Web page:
I’ve been using Google Photos since the Picasa Web days. From storing photos and albums it’s today turned into a smart photo library.
If you use Google Photos, you would’ve noticed the ‘Assistant’ automatically creating new variations of your images, animated versions and even making a movie out of your photos.
I recently decided to experiment with my photography workflow by uploading images directly from my Fuji X100s to Google Photos. I expected to see a movie and some gif images show up.
But to my surprise I noticed HDR images it had created by merging 3 different exposures of the same scene I had shot. While the result was not perfect, I was amazed to the extent to which Google had invested in this product.
If you haven’t tried the search feature, give it a shot and you will be surprised at the results. It searches using AI and will pick landscapes, snow, trees or whatever else you search for and can be found in your images. This is not simple file name or meta information search, but looking for those artifacts in the image itself.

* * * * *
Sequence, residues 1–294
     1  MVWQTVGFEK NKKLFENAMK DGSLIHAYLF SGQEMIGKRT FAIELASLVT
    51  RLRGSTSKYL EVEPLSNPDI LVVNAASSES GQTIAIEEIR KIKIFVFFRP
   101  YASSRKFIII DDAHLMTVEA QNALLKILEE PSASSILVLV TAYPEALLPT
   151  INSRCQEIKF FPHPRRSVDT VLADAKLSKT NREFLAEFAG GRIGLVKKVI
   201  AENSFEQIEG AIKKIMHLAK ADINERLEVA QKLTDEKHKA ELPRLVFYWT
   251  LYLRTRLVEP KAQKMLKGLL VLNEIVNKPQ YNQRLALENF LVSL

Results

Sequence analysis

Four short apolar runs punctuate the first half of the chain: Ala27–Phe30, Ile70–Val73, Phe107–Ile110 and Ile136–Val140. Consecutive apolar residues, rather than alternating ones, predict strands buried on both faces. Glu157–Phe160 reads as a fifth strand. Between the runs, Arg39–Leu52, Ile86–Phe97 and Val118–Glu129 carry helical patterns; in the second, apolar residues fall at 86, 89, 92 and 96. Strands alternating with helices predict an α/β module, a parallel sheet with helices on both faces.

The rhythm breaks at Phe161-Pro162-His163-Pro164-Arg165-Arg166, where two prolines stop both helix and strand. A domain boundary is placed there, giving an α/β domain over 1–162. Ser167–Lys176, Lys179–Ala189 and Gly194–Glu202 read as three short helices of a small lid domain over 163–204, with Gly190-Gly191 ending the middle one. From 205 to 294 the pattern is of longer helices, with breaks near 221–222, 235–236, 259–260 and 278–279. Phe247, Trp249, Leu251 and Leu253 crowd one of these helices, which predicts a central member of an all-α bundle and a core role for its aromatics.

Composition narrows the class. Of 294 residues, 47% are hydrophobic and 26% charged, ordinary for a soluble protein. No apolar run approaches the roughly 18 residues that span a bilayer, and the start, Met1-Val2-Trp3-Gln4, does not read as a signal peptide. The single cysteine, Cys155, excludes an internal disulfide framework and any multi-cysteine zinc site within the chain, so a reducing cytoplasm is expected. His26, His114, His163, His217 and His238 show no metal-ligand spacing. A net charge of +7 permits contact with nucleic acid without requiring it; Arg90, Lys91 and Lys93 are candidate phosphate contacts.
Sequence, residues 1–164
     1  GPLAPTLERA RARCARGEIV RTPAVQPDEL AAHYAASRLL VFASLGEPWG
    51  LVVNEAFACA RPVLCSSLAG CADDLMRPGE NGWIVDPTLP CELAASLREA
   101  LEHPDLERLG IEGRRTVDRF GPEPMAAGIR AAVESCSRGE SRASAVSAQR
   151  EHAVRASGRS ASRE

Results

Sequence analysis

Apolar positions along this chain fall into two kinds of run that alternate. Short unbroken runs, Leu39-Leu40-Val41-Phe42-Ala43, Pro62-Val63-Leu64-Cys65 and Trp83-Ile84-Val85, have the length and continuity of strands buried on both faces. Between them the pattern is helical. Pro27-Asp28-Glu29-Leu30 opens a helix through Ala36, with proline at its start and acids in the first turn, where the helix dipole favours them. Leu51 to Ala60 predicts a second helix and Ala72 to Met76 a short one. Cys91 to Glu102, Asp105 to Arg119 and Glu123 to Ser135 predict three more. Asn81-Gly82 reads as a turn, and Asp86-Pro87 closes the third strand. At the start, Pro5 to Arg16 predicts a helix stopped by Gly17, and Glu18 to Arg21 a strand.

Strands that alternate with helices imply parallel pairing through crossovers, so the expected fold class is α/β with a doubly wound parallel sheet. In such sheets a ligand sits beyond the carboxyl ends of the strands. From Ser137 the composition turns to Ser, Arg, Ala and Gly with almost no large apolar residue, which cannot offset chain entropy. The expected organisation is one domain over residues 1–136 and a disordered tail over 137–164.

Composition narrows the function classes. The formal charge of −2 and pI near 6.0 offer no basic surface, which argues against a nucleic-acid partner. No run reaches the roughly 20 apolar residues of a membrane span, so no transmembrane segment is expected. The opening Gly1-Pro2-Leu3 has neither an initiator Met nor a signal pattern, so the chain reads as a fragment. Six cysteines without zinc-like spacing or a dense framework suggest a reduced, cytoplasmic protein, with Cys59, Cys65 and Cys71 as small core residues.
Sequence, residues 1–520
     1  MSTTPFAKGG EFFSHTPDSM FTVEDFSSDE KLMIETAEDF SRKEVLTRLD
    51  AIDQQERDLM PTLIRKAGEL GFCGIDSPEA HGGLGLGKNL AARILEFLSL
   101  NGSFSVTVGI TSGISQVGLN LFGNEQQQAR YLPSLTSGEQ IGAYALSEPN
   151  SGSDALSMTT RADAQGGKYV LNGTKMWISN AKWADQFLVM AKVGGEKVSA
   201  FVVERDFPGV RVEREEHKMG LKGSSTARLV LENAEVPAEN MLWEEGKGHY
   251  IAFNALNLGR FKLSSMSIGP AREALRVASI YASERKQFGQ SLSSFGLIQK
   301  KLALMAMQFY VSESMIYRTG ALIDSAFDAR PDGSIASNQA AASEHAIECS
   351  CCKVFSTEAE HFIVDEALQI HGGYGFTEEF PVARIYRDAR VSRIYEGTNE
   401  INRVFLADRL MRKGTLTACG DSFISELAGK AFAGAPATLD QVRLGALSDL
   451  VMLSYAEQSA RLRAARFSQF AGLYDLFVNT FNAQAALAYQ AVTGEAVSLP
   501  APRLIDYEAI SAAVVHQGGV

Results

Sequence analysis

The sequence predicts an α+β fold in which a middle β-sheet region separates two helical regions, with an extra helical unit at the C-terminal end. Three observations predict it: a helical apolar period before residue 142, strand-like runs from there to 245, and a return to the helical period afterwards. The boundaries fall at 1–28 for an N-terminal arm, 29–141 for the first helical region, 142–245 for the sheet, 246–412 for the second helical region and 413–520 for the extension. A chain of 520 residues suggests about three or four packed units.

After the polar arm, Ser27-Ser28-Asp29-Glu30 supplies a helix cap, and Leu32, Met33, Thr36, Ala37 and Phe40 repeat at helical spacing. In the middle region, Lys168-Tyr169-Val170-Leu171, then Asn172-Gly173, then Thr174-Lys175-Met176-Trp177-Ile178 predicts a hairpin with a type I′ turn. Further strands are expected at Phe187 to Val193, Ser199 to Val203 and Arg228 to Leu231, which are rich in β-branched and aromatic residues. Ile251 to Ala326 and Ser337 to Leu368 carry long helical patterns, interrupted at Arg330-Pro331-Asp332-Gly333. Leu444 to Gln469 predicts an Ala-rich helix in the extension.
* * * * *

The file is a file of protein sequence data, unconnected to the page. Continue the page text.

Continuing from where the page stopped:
After seeing these rather good HDR images created automatically, it got me thinking if in the future a product like this with AI, can replace Lightroom?
What if it learned your photography and post processing style over time and applied that automatically to images? I would take that 9 out of 10 times, while still retaining the option of manually correcting images if required.
That kind of AI in photography and post processing specially, is not too far away. The Snapseed app and the Google Photos web app auto correct for horizontal alignment. Think of more such basic corrections that can be done without human intervention.
I’ve been using Lightroom for the longest time as it fits my post processing workflow perfectly. It’s a huge time saver, but if you’re a photographer, it can still suck a lot of your time. Heck, I have images waiting to be processed from as far back as two years.
For folks like me who don’t need Photoshop or too much of post processing, this automated processing of images could be great. We still have a long way to go of course before it can completely replace Lightroom, but would’ve thought all of this was possible a few years ago.